These docs are a work-in-progress and are currently undergoing a major rewrite!


We strongly suggest you just use Heroku to deploy your app.

The standard configuration will only cost $7/month (for a "hobby" dyno, and free database tiers). This is enough to start building on! Upgrading Postgres will be the most likely next step, especially because it will get you "rolling backups" ($50/month).

The Forge Quickstart includes forge-heroku and will set up the heroku-forge-buildpack for you.


By default, you won't find a Procfile in your repo. Our buildpack will create one during the Heroku build process, which looks like this:

web: forge serve
release: forge pre-deploy

If you need to customize the Procfile, simply add one to the root of your repo!

Running commands on production

There will be times when you need to run commands remotely on your production app and production database.

If you need to run a specific command, you can do it directly like this:

heroku run forge django createsuperuser

But if you're not sure of the exact command, it's best to just run bash and use the shell from there:

heroku run bash

Otherwise you'll spend a lot of time waiting for the temporary dynos to start/stop, just to tell you there was a typo or print out some help text for your next attempt.

You can also jump into a Django/Python shell directly with:

forge shell --heroku

Media and uploads

One trick with deploying to Heroku is that you can't just save uploaded or generated files to the server (ex. when a user uploads an avatar, or you generate and save a PDF). If you do, you'll notice that they disappear! The filesystem on Heroku is ephemeral, so you need to use something like AWS S3 for long-term file storage.

Depending on your app, you may not need to store files like this at all. Because it isn't always needed, Forge doesn't come with a built-in solution for file storage.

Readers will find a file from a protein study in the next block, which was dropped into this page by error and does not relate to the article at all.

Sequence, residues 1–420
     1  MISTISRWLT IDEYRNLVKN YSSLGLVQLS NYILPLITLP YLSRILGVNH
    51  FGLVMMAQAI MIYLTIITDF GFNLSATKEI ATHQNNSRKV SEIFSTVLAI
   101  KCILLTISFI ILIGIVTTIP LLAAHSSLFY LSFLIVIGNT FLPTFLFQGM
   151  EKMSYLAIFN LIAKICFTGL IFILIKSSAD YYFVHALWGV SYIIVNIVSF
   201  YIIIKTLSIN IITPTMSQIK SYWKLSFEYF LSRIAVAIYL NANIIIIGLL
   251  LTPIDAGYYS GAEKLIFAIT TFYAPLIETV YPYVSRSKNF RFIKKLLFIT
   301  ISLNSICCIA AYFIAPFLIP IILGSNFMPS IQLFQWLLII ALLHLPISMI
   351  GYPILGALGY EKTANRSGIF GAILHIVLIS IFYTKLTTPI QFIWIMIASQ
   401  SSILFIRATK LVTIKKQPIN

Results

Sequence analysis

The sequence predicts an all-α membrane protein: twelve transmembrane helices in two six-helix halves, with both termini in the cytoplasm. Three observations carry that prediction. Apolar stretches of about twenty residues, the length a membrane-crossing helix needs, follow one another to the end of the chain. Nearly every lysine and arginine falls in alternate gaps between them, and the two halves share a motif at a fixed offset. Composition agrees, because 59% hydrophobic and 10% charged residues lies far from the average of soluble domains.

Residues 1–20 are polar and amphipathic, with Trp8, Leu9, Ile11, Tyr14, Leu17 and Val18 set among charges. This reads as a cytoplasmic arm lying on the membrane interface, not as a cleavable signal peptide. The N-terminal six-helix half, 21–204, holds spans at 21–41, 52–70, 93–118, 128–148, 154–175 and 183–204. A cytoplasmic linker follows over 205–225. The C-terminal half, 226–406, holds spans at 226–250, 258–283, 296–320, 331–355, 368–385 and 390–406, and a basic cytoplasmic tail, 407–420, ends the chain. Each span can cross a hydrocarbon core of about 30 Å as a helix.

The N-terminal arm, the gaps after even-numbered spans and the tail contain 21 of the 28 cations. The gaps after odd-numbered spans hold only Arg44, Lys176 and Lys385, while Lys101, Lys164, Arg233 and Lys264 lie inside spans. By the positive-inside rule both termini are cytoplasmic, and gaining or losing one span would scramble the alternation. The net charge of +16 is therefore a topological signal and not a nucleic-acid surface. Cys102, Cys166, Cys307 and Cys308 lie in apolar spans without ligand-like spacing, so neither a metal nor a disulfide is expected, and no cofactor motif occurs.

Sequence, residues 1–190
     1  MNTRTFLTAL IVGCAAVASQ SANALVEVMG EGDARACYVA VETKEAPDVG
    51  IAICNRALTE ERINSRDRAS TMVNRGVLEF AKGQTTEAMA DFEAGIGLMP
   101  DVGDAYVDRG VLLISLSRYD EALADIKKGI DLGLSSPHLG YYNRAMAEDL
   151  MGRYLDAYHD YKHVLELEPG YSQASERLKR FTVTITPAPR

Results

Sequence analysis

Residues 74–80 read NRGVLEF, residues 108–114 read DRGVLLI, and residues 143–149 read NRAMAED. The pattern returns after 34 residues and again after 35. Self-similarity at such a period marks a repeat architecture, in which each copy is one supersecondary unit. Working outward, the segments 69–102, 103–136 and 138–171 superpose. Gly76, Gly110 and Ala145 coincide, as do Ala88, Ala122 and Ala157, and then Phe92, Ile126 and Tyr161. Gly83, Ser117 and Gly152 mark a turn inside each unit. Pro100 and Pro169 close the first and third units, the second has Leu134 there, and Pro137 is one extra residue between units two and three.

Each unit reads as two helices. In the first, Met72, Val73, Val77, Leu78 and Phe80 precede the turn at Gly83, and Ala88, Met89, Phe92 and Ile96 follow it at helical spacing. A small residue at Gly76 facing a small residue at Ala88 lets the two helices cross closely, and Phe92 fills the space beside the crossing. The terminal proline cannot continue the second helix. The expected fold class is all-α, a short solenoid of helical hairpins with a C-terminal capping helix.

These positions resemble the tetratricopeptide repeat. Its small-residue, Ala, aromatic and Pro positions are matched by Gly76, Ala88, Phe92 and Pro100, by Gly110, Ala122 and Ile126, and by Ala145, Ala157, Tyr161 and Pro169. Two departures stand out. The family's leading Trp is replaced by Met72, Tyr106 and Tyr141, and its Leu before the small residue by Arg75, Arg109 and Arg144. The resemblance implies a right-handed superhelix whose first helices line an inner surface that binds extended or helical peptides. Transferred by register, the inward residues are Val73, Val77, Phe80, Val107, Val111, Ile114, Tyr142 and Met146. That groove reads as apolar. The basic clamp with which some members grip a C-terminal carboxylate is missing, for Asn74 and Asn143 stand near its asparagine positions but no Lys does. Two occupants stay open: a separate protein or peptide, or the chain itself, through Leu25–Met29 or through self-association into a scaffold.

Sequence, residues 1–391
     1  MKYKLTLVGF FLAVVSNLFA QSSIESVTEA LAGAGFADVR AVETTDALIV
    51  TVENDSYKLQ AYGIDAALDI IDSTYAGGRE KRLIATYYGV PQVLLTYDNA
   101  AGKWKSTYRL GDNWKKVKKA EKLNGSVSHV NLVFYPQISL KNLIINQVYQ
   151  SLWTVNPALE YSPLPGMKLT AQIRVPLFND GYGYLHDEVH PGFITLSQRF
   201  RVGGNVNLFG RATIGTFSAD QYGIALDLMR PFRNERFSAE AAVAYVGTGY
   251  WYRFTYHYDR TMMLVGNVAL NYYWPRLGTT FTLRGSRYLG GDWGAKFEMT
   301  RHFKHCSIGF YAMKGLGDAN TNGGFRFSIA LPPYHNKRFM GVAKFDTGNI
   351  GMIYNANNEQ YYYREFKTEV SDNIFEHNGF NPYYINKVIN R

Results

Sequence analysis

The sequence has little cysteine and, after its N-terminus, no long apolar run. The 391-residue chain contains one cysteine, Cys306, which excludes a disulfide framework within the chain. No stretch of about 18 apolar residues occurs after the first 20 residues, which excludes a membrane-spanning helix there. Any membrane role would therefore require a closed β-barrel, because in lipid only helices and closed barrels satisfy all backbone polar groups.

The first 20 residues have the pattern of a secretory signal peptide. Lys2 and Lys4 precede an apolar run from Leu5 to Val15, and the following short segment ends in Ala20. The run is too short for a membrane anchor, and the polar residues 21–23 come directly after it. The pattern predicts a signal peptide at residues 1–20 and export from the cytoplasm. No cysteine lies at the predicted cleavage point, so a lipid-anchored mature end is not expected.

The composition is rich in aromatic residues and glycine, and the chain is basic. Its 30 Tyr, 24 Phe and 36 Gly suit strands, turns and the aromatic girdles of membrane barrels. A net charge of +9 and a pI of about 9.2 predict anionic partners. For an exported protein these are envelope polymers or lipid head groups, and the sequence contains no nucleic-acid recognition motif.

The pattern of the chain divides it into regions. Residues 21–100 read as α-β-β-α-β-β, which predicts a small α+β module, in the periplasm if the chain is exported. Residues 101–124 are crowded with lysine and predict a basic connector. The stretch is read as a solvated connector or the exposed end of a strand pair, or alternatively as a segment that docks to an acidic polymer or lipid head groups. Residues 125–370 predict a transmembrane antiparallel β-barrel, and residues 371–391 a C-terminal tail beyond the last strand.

If you need to store uploaded files (typically because you want to use models.FileField), then we recommend installing up django-storages. If you're using AWS for anything else, than AWS S3 may be an easy and commonly-used choice for the backend.


Once your site is up, there a few things to consider:

Error monitoring

Sentry is our go-to. You can likely use it for free and set it up yourself, but Forge Pro includes a more complete Sentry integration.

Performance monitoring

If you use Professional dynos (i.e. standard-1x) can set Threshold Alerts on Heroku. These can alert on slow response times and failed requests.

You can also use Sentry's performance monitoring which ties directly into your error monitoring.


You can view your logs with the Heroku CLI:

heroku logs --tail

By default, these aren't persisted anywhere. If you want to store logs, you'll need to hook up a one of the Heroku add-ons or set up your own log drain.


The easiest thing to do regarding database backups is to use at least the standard-0 tier of Heroku Postgres ($50/mo). This gives you the ability to "roll back" to a previous state of your database in the last X days, as well as manually and automatically create standalone backups.